Jack Ely, lead singer, was not in a good mood – sick with a cold and tired from a late night gig. The studio mike was hung from a high ceiling. The band thought they were doing a run through, but the studio said it was good enough. One take. That’s all The Kingsmen, a Seattle rock group, got to record their version of a little known song called “Louie Louie.” The next day, a rival Seattle group, Paul Revere and the Raiders, recorded the same song at the same studio.
The song was written, lyrics and music, by Richard Berry in 1954. Berry and his group, The Pharaohs, recorded “Louie Louie” – a three-verse song sung in calypso style – in 1957 at Flip Records as side B. It was a song about a sailor in a bar talking to the bartender, saying he wanted to sail back to Jamaica to see his girl. They soon re-recorded it as side A. Even so, it never made it out of the Pacific Northwest. In 1961, Rockin’ Robin and the Waiters re-recorded it, but it still went nowhere.
Then it was The Kingmen’s turn. A Boston DJ introduced their version as “the worst song I’ve ever heard.” It went what today we call viral. Some people thought the unintelligible words were about sex and wrote letters of complaint to U.S. Attorney General Robert Kennedy. Soon, Edgar Hoover’s FBI got involved; they spent more than two years trying to figure out the lyrics. After their exhaustive investigation, the results? They were “unable to determine any of the wording.” All this attention made The Kingsmen’s recording the most purchased, played and copied song of Rock ‘n Roll history, both in the U.S. and internationally.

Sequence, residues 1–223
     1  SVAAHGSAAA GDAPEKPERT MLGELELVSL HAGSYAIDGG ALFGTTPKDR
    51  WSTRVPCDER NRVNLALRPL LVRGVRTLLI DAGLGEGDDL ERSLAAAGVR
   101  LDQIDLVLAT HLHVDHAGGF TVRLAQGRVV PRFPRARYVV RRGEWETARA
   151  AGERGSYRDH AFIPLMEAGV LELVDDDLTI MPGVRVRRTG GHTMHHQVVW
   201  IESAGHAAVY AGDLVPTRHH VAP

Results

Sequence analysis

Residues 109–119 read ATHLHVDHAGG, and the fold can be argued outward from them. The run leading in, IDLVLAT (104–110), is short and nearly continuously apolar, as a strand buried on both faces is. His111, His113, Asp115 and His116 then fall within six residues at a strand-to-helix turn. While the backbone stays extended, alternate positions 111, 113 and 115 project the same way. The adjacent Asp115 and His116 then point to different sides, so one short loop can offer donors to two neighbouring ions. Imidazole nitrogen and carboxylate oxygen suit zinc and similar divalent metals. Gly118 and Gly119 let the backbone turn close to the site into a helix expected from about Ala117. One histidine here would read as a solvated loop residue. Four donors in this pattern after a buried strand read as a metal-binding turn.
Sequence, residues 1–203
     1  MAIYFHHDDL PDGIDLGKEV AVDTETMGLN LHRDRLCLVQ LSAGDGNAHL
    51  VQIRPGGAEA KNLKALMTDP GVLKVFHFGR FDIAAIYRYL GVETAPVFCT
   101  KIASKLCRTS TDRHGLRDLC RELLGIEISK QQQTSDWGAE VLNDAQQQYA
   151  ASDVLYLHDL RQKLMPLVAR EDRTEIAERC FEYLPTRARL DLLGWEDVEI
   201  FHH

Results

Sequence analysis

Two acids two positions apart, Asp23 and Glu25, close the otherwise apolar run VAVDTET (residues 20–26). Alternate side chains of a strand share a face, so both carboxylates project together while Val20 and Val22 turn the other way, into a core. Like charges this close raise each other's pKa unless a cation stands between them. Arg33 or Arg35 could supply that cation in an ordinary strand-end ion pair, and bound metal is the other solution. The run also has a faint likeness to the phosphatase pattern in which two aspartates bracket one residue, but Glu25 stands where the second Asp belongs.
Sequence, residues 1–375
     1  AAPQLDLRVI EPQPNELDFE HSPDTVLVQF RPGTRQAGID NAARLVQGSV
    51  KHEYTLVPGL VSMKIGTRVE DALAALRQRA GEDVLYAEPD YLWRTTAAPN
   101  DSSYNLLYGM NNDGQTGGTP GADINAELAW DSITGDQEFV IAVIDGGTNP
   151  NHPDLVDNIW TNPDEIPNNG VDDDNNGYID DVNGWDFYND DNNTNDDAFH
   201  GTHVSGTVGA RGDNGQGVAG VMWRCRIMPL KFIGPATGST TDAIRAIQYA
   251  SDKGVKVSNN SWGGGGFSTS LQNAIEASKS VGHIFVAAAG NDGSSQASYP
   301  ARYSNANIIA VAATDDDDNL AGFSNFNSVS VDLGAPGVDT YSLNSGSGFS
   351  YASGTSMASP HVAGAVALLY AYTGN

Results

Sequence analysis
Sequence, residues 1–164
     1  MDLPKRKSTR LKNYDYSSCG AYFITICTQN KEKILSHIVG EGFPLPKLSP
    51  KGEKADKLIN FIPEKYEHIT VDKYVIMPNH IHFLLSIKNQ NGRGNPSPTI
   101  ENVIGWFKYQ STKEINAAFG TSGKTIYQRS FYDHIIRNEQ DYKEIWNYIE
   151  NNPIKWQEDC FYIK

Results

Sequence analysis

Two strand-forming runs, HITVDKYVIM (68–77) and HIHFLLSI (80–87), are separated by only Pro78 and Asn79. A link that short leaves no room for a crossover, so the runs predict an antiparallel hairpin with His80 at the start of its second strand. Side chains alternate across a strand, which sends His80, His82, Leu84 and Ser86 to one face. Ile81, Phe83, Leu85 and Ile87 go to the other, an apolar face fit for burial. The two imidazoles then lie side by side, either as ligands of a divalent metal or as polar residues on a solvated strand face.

So what exactly are the terrible words?
The chorus: “Louie, Louie, me gotta go.” Sung twice.
Fine little girl waits for me.
Me catch the ship across the sea.
Me sail the ship all alone.
Me never think me make it home.
Three nights and days me sail the sea.
Me think of girl constantly.
On the ship I dream she’s there.
I smell the rose in her hair.
Me see Jamaica moon above.
It won’t be long me see my love.
Me take her in my arms and then
Me tell her I never leave again.*
After being demoted from lead singer to drummer, Jack Ely left The Kingsmen before the song was released. During live shows, his name was not mentioned and his part was lip-synced. Richard Berry made no money from the mega-hit until 1986.